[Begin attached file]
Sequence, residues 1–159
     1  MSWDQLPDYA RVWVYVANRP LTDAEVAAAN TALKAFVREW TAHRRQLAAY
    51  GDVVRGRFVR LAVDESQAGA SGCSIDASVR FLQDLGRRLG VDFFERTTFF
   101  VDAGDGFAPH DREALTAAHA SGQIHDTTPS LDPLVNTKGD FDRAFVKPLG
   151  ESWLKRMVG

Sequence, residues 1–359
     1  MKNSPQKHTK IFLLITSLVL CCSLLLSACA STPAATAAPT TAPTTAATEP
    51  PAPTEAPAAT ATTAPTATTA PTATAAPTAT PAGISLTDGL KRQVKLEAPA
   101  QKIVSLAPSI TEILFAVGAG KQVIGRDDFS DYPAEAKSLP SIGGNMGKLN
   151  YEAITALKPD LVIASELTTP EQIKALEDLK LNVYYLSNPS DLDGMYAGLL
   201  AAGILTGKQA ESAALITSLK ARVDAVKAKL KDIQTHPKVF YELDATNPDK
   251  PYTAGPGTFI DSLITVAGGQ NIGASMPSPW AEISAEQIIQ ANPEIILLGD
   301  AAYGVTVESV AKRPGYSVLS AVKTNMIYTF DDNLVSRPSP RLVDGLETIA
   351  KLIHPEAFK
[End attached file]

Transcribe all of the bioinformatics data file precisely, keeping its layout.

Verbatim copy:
Sequence, residues 1–159
     1  MSWDQLPDYA RVWVYVANRP LTDAEVAAAN TALKAFVREW TAHRRQLAAY
    51  GDVVRGRFVR LAVDESQAGA SGCSIDASVR FLQDLGRRLG VDFFERTTFF
   101  VDAGDGFAPH DREALTAAHA SGQIHDTTPS LDPLVNTKGD FDRAFVKPLG
   151  ESWLKRMVG

Sequence, residues 1–359
     1  MKNSPQKHTK IFLLITSLVL CCSLLLSACA STPAATAAPT TAPTTAATEP
    51  PAPTEAPAAT ATTAPTATTA PTATAAPTAT PAGISLTDGL KRQVKLEAPA
   101  QKIVSLAPSI TEILFAVGAG KQVIGRDDFS DYPAEAKSLP SIGGNMGKLN
   151  YEAITALKPD LVIASELTTP EQIKALEDLK LNVYYLSNPS DLDGMYAGLL
   201  AAGILTGKQA ESAALITSLK ARVDAVKAKL KDIQTHPKVF YELDATNPDK
   251  PYTAGPGTFI DSLITVAGGQ NIGASMPSPW AEISAEQIIQ ANPEIILLGD
   301  AAYGVTVESV AKRPGYSVLS AVKTNMIYTF DDNLVSRPSP RLVDGLETIA
   351  KLIHPEAFK